Dilemmas: Why do my friends have to steal my child's name?

Graham's called his first baby Clementina after his mother, who died the day the child was born. Now his best friends are to call their new baby Clementina too - after an aunt. When he objects, they virtually say, `Like it or lump it. There's no copyright on names'. Is he silly to feel hurt?

What's in a name? Much, much more than we think. After all, some women still change their names on marriage to show a fundamental shift in their relationship to the world. In the Seventies, when dozens of friends joined religious cults, I always got confused when jolly old Julia suddenly shipped up as "Manjana" or goofy young Rodney reappeared as "Vishnu". And when anyone's given a peerage they whiz from being John Smith to simple "Norwich" or some such. There's even some kind of fortune-telling that involves names, numbering all the letters, dividing them by something else, and coming up with a figure that predicts the future.

The naming of a child often involves a religious ceremony. You're named in the eyes of God. Of course names are important.

But clearly not to Graham's insensitive friends. Obviously, if his mother had an exceptionally common name - Emma, or Anne - he'd have no justification behind his hurt feelings if his friends had christened their daughter the same. There's no copyright on names, but Clementina's a fairly out- of the-ordinary one, and even if they'd called their child Clemency (a lovely name, given to an aunt of mine) it would have been a bit more tactful and, indeed, original. Sure there would have been the playground problems, with two "Clems", but just the knowledge of the different endings would have separated them. Graham's friends should be asked how they think Paula Yates would feel if a close friend called her own children Fifi Trixibelle and Tiger Lily. I think they'd agree that she'd be pretty cheesed off, and rightly so.

In some cultures it's considered nice and cosy if everyone's named pretty much the same (how many David Jenkinses are there in Wales?) But in England we like to use first names to keep us apart. There's some woman tearing around London with a first name and a last name identical to a close relative of mine, and I always feel enraged when I meet her because I feel she's stealing some of the feelings of respect due to my relation.

But what Graham's friends really lack is sensitivity and kindness following a bereavement. They knew what this name meant to him; copyright or no copyright, they should have made it taboo for their baby.

So I don't think the name's the issue here. Graham's friends could argue that a rose by any other name would smell as sweet, and his little Clementina is totally special in her own right. They could say that imitation is the sincerest form of flattery. But no. "Like it or lump it" is what they appear to be saying. Perhaps Graham should go round to see them and ask, with genuine puzzlement, what dreadful thing he has done to make them hurt him so much? Please would they tell him, so he can put it right? If they are getting back at him for something he's done, they'll tell him. If not, his emotional blackmail may make them feel uncomfortable enough to reconsider their choice of name.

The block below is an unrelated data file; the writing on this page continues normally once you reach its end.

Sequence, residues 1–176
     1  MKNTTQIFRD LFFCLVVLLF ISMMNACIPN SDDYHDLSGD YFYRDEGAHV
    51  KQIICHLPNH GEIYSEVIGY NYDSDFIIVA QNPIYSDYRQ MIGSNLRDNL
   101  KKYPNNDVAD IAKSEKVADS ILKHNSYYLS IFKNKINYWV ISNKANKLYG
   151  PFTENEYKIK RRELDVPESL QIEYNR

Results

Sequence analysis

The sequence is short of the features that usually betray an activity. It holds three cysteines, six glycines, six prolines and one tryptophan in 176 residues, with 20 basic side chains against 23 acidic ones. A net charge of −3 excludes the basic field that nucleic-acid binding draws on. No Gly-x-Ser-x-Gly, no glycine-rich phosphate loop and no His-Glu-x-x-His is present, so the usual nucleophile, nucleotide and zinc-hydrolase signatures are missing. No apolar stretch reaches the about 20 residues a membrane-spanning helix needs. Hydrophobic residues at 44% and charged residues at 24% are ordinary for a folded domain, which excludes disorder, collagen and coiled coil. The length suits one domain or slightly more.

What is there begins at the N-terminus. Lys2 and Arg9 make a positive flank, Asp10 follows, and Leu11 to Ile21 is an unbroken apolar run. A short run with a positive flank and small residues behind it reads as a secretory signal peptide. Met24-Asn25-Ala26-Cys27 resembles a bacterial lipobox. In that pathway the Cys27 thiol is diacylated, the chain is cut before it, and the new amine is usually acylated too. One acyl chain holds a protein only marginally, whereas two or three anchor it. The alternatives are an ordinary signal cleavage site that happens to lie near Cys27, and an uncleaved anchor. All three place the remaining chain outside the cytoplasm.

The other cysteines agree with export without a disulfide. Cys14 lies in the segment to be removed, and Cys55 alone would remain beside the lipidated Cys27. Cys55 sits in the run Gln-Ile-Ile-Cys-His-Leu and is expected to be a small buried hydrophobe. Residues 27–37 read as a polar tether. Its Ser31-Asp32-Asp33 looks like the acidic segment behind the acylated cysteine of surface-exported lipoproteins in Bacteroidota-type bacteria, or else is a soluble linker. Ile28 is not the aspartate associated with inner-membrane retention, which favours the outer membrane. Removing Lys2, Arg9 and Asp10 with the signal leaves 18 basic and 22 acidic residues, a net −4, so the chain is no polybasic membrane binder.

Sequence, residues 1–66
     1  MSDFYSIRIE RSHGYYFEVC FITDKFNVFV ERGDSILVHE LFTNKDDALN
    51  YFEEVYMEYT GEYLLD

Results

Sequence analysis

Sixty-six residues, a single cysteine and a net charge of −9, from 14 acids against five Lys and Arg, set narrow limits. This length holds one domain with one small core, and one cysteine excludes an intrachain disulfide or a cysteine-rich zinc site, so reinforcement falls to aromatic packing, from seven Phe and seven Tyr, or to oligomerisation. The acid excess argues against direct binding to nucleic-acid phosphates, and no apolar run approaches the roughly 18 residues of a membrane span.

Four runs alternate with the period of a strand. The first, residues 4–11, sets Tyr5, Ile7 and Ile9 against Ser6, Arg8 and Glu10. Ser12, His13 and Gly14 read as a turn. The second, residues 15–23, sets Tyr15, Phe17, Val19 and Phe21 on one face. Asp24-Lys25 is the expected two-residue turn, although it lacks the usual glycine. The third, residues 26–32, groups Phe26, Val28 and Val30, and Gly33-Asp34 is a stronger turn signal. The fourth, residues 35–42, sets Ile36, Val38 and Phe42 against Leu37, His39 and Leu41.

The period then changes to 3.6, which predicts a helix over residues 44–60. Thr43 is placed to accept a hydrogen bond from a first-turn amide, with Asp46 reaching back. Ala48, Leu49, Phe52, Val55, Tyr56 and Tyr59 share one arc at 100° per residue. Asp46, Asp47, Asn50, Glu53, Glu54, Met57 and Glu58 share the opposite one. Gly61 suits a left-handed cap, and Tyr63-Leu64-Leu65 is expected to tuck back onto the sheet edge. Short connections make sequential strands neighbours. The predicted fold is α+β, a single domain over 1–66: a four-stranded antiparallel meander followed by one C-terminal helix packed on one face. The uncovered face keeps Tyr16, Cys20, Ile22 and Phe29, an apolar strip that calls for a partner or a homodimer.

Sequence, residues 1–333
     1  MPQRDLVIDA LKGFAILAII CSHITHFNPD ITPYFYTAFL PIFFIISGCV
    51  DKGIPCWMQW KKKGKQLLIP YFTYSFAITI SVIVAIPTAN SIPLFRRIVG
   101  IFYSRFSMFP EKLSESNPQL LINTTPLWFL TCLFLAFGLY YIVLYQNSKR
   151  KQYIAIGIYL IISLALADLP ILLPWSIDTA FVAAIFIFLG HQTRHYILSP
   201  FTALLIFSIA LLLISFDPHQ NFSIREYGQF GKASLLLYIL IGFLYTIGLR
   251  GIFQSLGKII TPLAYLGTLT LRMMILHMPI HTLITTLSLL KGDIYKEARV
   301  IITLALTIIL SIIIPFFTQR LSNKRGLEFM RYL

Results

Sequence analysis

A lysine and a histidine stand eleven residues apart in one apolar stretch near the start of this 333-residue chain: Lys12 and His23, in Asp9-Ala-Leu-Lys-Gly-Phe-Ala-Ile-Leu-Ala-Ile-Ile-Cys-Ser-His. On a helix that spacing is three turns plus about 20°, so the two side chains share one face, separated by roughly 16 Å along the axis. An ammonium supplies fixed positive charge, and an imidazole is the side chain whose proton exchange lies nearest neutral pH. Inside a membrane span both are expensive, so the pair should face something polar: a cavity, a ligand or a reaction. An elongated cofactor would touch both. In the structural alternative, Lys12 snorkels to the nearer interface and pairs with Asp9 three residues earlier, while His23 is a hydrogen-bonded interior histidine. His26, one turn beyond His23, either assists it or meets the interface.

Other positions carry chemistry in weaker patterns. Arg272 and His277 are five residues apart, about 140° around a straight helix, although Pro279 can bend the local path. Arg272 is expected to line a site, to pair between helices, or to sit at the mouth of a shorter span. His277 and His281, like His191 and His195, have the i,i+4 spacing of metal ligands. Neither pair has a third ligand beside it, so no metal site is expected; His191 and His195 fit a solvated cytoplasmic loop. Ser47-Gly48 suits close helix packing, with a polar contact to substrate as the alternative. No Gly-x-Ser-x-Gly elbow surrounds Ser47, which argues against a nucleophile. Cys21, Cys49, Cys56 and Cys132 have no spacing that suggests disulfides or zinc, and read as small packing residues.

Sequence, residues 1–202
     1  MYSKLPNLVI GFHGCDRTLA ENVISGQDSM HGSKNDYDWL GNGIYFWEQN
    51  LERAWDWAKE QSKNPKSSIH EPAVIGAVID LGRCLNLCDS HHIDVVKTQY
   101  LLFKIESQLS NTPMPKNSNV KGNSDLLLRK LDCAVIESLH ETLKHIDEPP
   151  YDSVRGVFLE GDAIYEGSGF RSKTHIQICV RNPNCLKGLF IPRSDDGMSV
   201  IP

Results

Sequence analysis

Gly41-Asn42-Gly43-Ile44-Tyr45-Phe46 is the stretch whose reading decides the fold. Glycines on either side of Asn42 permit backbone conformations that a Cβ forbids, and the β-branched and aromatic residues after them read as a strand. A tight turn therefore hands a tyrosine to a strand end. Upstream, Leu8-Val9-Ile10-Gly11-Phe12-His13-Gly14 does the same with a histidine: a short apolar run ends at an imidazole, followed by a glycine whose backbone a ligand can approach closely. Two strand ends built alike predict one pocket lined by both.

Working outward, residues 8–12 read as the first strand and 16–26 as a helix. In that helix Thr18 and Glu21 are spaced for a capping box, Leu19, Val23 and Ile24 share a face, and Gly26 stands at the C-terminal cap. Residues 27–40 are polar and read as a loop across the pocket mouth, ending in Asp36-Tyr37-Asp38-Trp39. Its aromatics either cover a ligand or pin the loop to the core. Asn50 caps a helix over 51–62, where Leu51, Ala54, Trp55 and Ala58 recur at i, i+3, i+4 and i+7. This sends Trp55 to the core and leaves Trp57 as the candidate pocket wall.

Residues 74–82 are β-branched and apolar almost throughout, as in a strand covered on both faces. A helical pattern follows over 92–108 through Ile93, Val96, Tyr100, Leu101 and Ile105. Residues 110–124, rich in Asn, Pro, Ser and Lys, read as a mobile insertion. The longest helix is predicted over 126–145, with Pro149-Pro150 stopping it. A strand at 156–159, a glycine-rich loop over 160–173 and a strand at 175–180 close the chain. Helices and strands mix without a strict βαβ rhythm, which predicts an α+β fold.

But whatever the outcome, I can't see how the relationship will ever be without bitterness in the future.

Don't ruin the friendship

The name "Clementina" will never have the same connotations for each set of parents, even if, to all intents and purposes, it is written and pronounced identically. Why ruin a "happy event" over 10 letters to which all but a tiny percentage of the world's population will be oblivious? Stop worrying; hold on to the good memories of your mother, and make the most of this birth of your daughter.


Grenoble, France

What lies behind this name?

Wow! Freudian or what!

Graham names his daughter after his dead mother and then worries that his friends are going to use the same name. I'm sure that the ancient Greeks had a play with it. Graham should ask himself whether he wants a daughter, or some kind of living memorial to his mother. When he favours the living as opposed to the dead he will realise that a name is just a name and, yes, it is pretty silly to feel so hurt.


These girls will have a bond

It is no great joy for a child to have a name no one else has heard of (as I did - after all, who had heard of "Superman's girlfriend", back in the Fifties when I was a child?)

These little girls are likely to grow up enjoying a natural bond that may help them to become close friends in their turn.

Added to which, these Clementinas (with the help of their other friends) will sort out for themselves what each girl should be called.

Lighten up, Graham - and rejoice in having friends who are so clearly compatible. Content yourself with congratulating them on their impeccable taste.


Rowlands Castle, Hampshire

Next Week's Dilemma

Dear Virginia,

I'm a single parent with two children. A year ago I met a wonderful man who loved me and adored the children, and didn't want any of his own. He took us on fabulous holidays and was kind and understanding. We got engaged. But from the start I've been moody with him, losing my temper for no reason. Whenever that happened he went away, but if I begged enough, he'd come back. But this last time he finally turned on me and said he hated me. He tore my ring off and threw it away, packed up and went, though I begged him to stay. All I've had is a letter saying he can't cope with me any more. What's awful is that his first wife was like this, and he's always said he only wants a quiet life. My friends say I'm mad to have driven away this lovely bloke. When I look back on it, he was a saint. I spend my time crying, ringing him up, but he won't have anything to do with me. How can I get him back?